Quotes by John Dryden
They say everything in the world is good for something.
Genius must be born, and never can be taught.
Her wit was more than man, her innocence a child.
Words, once my stock, are wanting to commend
So great a poet and so good a friend.
Look round the habitable world: how few
Know their own good‚ or knowing it‚ pursue.
He was exhaled; his great Creator drew
His spirit, as the sun the morning dew.
Better to hunt in fields‚ for health unbought‚
Than fee the doctor for a nauseous draught.
The wise‚ for cure‚ on exercise depend;
God never made his work for man to mend.
Death in itself is nothing; but we fear To be we know not what, we know not where.
Ill habits gather by unseen degrees —
As brooks make rivers‚ rivers run to seas.
Whatever is, is in its causes just.
Like a led victim‚ to my death I'll go‚
And‚ dying‚ bless the hand that gave the blow.
Lord of yourself, uncumbered with a wife.
By viewing Nature, Nature's handmaid Art, Makes mighty things from small beginnings grow.
Men met each other with erected look,
The steps were higher that they took;
Friends to congratulate their friends made haste,
And long inveterate foes saluted as they passed.
Here lies my wife:here let her lie!
Now she's at rest, and so am I.
Bold knaves thrive without one grain of sense, But good men starve for want of impudence.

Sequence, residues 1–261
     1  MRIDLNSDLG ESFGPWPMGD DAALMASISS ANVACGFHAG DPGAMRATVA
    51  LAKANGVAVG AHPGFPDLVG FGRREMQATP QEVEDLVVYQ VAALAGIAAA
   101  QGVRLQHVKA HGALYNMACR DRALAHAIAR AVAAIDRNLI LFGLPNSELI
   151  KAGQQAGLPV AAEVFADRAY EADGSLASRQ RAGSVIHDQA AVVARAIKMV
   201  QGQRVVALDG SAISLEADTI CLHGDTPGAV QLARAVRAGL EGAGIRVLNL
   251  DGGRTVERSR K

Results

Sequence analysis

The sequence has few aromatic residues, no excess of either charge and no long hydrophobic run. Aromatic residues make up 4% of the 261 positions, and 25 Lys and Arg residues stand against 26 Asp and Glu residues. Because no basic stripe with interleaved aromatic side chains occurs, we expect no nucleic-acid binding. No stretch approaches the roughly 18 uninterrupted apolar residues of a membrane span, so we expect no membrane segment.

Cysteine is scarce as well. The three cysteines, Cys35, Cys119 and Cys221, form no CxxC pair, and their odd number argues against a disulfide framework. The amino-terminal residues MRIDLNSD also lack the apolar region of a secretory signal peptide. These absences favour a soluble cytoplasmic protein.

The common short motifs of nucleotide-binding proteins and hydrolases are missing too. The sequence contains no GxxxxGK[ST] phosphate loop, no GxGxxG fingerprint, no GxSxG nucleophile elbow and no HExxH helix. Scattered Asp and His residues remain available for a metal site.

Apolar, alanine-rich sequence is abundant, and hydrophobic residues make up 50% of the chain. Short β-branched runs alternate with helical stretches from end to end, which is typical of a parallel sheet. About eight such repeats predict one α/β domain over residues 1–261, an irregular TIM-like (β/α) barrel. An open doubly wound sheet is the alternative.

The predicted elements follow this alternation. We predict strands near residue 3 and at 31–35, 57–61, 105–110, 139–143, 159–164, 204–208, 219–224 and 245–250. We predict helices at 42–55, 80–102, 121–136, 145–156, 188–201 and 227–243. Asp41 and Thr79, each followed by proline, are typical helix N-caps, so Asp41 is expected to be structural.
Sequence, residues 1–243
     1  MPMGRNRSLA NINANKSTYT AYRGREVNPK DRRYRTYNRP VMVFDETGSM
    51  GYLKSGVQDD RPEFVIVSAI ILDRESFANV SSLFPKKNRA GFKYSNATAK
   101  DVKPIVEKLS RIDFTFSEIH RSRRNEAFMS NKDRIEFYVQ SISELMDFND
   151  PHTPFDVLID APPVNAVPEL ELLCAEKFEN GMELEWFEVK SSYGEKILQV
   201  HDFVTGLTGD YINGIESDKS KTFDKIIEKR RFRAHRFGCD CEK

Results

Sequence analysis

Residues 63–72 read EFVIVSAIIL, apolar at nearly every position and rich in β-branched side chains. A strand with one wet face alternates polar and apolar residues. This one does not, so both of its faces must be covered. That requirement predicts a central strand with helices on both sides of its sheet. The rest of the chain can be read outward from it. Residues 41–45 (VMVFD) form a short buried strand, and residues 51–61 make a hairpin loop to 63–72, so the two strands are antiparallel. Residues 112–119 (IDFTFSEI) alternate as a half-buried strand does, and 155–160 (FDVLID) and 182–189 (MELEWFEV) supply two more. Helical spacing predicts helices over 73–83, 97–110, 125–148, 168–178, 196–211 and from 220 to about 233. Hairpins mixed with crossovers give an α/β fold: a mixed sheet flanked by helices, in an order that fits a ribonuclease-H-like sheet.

Fairest Isle, all isles excelling,
Seat of pleasures, and of loves;
Venus here will choose her dwelling,
And forsake her Cyprian groves.
A very merry, dancing, drinking,
Laughing, quaffing, and unthinkable time.
A knockdown argument: 'tis but a word and a blow.
Music is inarticulate poesy
The sword within the scabbard keep‚
And let mankind agree.
Pains of love be sweeter far Than all other pleasures are.
Be kind to my remains; and oh defend,
Against your judgment, your departed friend!
O gracious God! how far have we
Profaned thy heavenly gift of poesy!
This is the porcelain clay of humankind.
Whistling to keep myself from being afraid.
I am reading Jonson's verses to the memory of Shakespeare; an insolent, sparing, and invidious panegyric...
There is a pleasure sure, In being mad which none but madmen know.
Our vows are heard betimes! and Heaven takes care
To grant, before we can conclude the prayer:
'''Preventing angels met it half the way,
And sent us back to praise, who came to pray.'''
I am as free as Nature first made man, Ere the base laws of servitude began, When wild in woods the noble savage ran.
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